Stir all the ingredients together with a wooden spoon. Cover the Dutch oven and bring it to a boil, then simmer until the potatoes are done.
5. To help thicken it, gradually add ½ cup of flour to the 1 cup of sour cream. To temper the sour cream mixture, gradually whisk in 1 cup of the hot broth.
6. You'll know that the potatoes are cooked when you can poke them with a fork. For this recipe, you don't want to overcook the potatoes.
7. Add the tempered sour cream to the soup. Taste it, and then add your spices. Here I have sugar to balance the acidity, along with black pepper and salt. You might feel the extra salt is unnecessary. Stir the spices in and let it simmer 5 minutes.
8. Your dill pickle soup is now ready for a few garnishes. Add some fresh dill, a drizzle of sour cream, a few pickle coins, or a good sprinkle of freshly ground black pepper.
If you love dill pickles and potatoes, you will love this soup. I encourage you to give it a try. It will definitely be a good conversation starter with your co-workers and friends when you tell them you made a big pot of dill pickle soup.
It is a complex soup with many layers of flavor. It's savory and tangy with a nice balance of acidity from the pickle juice and creaminess from the sour cream. The American version can be described as a creamy potato chowder. If you love dill pickles in your potato salad, you'll be able to see the similarities.
One cup has 148 calories, so feel free to have seconds if you don't have to watch your sodium intake. This soup is low in fat and carbs and is high in vitamin C. For more nutritional information, scroll to the end of the recipe card.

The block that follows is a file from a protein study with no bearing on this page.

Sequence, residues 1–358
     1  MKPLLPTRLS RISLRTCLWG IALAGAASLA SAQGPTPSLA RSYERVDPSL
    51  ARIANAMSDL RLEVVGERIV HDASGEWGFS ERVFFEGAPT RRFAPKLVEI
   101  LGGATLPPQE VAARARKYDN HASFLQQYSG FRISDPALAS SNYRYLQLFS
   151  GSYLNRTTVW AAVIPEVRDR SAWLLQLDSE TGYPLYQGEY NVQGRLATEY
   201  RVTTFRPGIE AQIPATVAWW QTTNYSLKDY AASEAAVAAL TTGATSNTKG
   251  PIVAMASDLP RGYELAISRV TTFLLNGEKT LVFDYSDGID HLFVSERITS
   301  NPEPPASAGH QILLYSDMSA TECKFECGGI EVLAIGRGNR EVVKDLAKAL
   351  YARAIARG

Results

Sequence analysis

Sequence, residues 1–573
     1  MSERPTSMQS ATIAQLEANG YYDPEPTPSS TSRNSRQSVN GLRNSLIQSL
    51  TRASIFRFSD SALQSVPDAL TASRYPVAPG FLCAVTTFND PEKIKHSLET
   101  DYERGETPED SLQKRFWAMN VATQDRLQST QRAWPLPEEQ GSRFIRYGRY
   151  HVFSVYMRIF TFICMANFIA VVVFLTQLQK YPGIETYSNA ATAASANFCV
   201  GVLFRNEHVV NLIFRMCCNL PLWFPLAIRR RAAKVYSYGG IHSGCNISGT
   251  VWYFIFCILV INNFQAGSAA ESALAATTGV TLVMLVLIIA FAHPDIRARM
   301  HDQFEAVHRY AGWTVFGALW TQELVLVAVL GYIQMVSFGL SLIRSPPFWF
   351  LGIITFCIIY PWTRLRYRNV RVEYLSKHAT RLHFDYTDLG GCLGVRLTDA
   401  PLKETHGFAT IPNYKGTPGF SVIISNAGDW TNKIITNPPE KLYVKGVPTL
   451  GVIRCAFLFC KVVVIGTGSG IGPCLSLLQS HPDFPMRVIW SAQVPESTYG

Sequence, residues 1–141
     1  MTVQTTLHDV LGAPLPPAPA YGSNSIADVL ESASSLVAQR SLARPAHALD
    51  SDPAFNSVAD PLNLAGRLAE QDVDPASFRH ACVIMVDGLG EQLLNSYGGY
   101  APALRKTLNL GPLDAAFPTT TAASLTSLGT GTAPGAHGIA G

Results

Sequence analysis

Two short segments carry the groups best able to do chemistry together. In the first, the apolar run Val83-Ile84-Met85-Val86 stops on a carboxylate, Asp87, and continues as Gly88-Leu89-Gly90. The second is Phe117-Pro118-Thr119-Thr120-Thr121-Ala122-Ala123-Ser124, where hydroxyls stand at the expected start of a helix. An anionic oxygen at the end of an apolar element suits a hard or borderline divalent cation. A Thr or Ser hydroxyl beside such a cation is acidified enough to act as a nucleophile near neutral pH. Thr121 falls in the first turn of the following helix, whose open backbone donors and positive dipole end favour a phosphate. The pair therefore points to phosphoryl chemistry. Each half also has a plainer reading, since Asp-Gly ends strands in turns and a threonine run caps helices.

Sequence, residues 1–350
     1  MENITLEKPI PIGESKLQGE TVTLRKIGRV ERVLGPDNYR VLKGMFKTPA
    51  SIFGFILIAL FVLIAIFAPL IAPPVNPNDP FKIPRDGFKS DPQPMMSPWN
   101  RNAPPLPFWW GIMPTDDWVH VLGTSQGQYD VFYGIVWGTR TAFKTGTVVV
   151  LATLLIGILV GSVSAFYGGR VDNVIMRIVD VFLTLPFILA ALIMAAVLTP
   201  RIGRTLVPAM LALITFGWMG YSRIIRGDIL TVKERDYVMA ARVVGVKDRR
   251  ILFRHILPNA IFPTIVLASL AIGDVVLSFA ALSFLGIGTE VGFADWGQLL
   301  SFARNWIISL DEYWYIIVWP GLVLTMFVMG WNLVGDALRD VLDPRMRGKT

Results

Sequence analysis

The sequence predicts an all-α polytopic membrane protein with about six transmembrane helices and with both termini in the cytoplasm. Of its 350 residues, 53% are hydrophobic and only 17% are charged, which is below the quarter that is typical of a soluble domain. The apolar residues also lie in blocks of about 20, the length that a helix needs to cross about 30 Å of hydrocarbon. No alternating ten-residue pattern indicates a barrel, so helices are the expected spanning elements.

Yes, you can. Follow these simplified instructions.
Sauté the onion in a small skillet in butter until caramelized. Deglaze the pan with white wine. Pour the chicken stock and dill pickle juice into a large crockpot. Add the caramelized onion, chopped dill pickles, potatoes, ham, and grated carrot. Stir and cover. Cook on low for 4 to 8 hours or on high for 2 hours. During the last 30 minutes, add 1 cup of heavy cream. Garnish with fresh dill, black pepper, or slices of pickles.
Leftovers: This soup can last for up to 5 days, as long as it is kept in an airtight container in the fridge.
Freezing: If you plan on freezing some of it, set aside the part you want to freeze before adding the sour cream. Sour cream separates when it thaws and becomes watery.
Allow the soup to fully cool, then place it in an airtight container or freezer zip top bag and freeze for up to 3 months.
Defrosting: When ready to use, thaw it in the fridge overnight, then heat it up in a pot on the stove over medium low heat. Add heavy cream near the end and allow it to heat through.